“The parasite mom is very smart,” Uy says. “It can manipulate the native wasp to find other native wasp nests to infect, and to always deposit the parasite larvae in the right host.”

Four people in masks huddled over a table with papers, specimens, and laptops on it.

HIVE MIND: Cataloguing wasps back at the lab

Back at Uy’s lab on the University’s River Campus, the researchers catalogue the wasps and rejoin them with their respective nests.

“What I have valued most during my time at the Uy lab has been the opportunity to function as an independent investigator,” says Sánchez-Vargas, who conducted this research as an undergraduate student. “I’ve been involved at essentially all stages of the work: from conceptualizing and solidifying research questions, developing methods, collecting data, analyzing it, and writing it up. This has given me the opportunity to grow greatly as a young scientist.”

Paper wasps nest glued to a piece of cardboard.

ABOVE (CARD)BOARD: Preparing the nests

The students glue nests to pieces of cardboard that they then mount inside enclosures for further study. In the lab and in the field, the researchers wear several types of gloves to avoid being stung by wasps.

“Once in a while, we get an occasional sting, but we try to avoid those as much as possible through training in handling wasps,” Uy says.

Students prepare wasp enclosures in the Hutchison greenhouse.

HOME AWAY FROM HOME: ‘Wasp central’ at Hutchison Hall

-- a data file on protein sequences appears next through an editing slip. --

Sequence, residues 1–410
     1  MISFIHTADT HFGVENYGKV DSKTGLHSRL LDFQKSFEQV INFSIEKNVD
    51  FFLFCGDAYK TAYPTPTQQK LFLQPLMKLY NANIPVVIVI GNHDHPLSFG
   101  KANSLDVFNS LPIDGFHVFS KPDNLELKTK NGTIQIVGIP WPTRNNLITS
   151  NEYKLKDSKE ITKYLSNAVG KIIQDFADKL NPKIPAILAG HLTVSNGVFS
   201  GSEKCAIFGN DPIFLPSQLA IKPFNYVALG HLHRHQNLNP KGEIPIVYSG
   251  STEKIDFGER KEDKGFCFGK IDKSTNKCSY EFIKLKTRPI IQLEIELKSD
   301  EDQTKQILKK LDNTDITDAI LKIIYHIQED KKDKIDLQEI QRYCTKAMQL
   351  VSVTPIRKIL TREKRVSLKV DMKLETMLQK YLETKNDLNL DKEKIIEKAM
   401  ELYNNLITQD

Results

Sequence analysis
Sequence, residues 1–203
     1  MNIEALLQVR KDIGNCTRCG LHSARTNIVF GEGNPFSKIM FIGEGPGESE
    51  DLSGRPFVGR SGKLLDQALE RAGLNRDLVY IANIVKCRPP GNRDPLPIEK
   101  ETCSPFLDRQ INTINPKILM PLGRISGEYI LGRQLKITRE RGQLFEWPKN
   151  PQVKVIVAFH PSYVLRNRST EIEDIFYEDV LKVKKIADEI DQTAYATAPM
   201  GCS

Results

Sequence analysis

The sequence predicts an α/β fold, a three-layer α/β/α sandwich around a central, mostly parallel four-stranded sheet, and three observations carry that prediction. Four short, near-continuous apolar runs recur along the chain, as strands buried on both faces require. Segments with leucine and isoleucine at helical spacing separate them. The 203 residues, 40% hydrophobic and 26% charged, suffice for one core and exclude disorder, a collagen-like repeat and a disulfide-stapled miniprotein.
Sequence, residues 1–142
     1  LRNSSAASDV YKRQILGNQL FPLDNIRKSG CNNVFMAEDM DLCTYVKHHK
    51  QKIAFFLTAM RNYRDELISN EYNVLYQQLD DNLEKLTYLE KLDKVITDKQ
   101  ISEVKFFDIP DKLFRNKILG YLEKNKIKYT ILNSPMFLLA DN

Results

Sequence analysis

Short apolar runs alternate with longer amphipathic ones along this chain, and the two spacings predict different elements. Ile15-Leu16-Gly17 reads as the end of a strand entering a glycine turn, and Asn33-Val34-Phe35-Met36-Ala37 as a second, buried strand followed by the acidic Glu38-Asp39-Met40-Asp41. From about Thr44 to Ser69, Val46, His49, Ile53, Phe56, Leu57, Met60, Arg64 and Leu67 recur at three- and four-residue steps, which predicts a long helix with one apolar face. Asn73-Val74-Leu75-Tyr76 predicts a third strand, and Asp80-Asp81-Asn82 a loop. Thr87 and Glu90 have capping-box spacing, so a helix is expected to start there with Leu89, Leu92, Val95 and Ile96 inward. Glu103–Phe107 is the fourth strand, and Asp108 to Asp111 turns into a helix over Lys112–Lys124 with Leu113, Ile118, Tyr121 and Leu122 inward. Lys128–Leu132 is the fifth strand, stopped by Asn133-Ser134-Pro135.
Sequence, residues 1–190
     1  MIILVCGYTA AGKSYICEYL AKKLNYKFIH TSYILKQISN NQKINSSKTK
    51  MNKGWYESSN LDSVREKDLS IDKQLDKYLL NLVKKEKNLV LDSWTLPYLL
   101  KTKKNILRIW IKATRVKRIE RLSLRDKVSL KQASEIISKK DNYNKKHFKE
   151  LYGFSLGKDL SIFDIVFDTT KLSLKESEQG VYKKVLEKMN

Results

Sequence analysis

Krell, Sánchez-Vargas, and Sherwood prepare wasp enclosures in the greenhouse attached to Hutchison Hall on the River Campus. The researchers have turned the greenhouse into “wasp central,” Uy says, with rows of enclosures for the wasps. This setup allows Uy and her students to study different aspects of the wasp-parasite relationship. For instance, Sánchez-Vargas ’23 and Maggie Kane ’22, conducted studies using experimentally infected native and “Frankenstein” wasps.

“All of these experiments were conducted by undergraduates, but this is graduate-level work,” Uy says.

Triptych that zooms in on parasite Xenos vesparum attached to the side of Northern paper wasp larvae.

ZOOM IN: Examining wasps under a microscope

Under a microscope, the researchers view the parasite Xenos peckii attached to the side of the larvae of a Northern paper wasp.

“Social insects like wasps are a great model organism,” Uy says. “During the pandemic, humans experienced the multiple effects of social isolation. We know the brains of the wasps we work with are really affected when they don’t have social interactions, same as what happens with humans. We have all these amazing parallels that we can compare.”


Q&A: The making of “Frankenstein” paper wasps

Two Norther paper wasps enter and leave a nest inside a park structure.

As undergraduate students, Maggie Kane ’22 and Federico Sánchez-Vargas ’23 (T5) conducted research in the lab of Professor Floria Mora-Kepfer Uy to create “Frankenstein” wasps. In the wild, a native parasite does not infect an invasive paper wasp, and the researchers wanted to understand why.

Kane experimentally infected the “wrong” host—invasive European paper wasps—with the native wasp parasite Xenos peckii, confirming infection is feasible. Sánchez-Vargas then took native infected wasps and gave the parasite the choice of a native host nest or an invasive host nest. The native parasite always made its host choose the native wasp nest.

“The reason we don’t see European wasps infected with native parasites in the wild is because the parasite mom manipulates its host to use odor and visual cues to go to the right place—a native wasp nest—to release her babies,” Uy says. “The larvae never get dropped off at the wrong nest (the invasive species). This is a level of sophistication where the parasite recognizes and knows where it needs to go to ensure its survival.”